Chikkamagaluru: The Datta Peeta row has come to the fore yet again in Karnataka with the Sri Ram Sena opposing the Islamic practices to be carried out at the Bababudangiri-Datta Peeta hills.
Sri Rama Sena state president Gangadhar Kulakarni stated on Monday that for 20 years a struggle had been launched to make Datta Peeta a Hindu worship centre completely.
“We have got success and a Hindu priest has been appointed for the Datta Peeta. Now, it’s totally a Hindu religious centre, there is no Baba Budan here,” he stated stirring a controversy.
“The Shakhadri family (family of priests who took care of Islamic rituals) do not have any job now in Datta Peeta. They can go to Nagenahalli Dargah and continue their practice. The Shakadri family is misusing the name of Datta Peeta and harming wildlife.
“The presence of Shakadri is not acceptable at a Hindu religious centre. It is to be seen whether the district administration pushes Shakadri out or the Sri Rama Sena should do the job,” he stated.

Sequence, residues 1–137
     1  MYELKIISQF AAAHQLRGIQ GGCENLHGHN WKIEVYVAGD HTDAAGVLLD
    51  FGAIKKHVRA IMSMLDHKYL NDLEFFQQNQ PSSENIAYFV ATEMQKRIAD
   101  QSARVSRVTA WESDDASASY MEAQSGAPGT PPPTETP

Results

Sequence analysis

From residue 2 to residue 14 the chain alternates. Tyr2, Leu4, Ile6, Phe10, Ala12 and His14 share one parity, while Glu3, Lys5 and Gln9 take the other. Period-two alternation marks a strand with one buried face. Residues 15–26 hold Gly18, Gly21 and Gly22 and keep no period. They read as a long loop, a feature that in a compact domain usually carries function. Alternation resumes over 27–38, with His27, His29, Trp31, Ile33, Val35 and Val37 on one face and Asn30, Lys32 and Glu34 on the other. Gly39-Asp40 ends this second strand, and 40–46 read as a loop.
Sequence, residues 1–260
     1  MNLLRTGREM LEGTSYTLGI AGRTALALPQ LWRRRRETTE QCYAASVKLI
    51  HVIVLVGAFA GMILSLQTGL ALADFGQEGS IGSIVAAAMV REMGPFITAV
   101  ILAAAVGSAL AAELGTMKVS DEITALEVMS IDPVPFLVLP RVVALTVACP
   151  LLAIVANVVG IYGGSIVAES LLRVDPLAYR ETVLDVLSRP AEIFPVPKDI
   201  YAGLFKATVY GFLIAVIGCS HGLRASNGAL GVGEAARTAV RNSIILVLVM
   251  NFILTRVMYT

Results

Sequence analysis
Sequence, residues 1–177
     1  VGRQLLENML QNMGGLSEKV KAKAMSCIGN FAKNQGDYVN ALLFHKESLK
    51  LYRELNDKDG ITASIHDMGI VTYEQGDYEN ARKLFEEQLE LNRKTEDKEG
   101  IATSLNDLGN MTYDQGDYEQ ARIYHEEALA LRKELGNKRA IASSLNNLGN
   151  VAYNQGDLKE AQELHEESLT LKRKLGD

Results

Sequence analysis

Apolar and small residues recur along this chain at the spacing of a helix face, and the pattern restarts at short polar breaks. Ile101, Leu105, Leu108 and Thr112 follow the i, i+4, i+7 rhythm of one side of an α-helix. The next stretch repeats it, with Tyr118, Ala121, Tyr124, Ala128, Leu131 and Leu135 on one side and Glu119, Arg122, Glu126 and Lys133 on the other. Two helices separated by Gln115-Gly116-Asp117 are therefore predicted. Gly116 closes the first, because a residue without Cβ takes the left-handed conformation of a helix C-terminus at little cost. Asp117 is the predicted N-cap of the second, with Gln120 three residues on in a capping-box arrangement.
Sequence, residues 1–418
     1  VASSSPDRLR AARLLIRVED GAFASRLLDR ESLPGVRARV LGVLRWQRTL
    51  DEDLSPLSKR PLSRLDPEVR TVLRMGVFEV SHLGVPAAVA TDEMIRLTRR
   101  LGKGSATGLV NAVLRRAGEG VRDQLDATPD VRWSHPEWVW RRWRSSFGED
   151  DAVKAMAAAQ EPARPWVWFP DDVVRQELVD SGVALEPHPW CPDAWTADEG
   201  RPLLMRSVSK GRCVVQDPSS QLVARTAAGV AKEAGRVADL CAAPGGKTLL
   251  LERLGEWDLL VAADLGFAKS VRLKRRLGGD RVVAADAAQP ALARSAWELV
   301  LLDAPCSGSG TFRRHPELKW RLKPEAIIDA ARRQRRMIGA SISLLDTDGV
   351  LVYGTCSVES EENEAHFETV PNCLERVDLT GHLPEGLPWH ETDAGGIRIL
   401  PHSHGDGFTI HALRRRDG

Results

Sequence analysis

“Thousands of acres belonging to Datta Peeta have been encroached upon and a dress code has to be made compulsory. Women should come in sarees and men also should come to the Datta Peeta in Hindu traditional attire. We won’t allow them if they come in another dress. The Urus celebration should not happen at Datta Peeta and graves should be shifted to Dargah,” he demanded.
Though Datta Peeta, the shrine in Chikkamagaluru has been a pilgrimage spot for both Hindus and Muslims, the BJP is demanding that the site be declared a Hindu temple.
Before 1964, the shrine was revered by both Hindus and Muslims. It symbolised Sufi culture and unity of Hindu and Islam cultures.
The shrine was known as Shree Guru Dattatreya Bababudan Swamy Dargah. What was a pilgrimage spot for the two faiths has become a disputed site between Hindus and Muslims. Hindus consider the hill to be the final resting place of Dattatreya, the Muslims believe dargah is one of the earliest centres of Sufism in south India. They believe that with Sufi saint Dada Hayat Mirkalandar having lived there for years.
Irrespective of the controversy, the local coffee planters before the harvest visit the shrine and offer worship. Fakir Bababudan, a Sufi saint of 17th century from Yemen who settled in the shrine is credited with planting the first coffee seeds in the Indian sub-continent.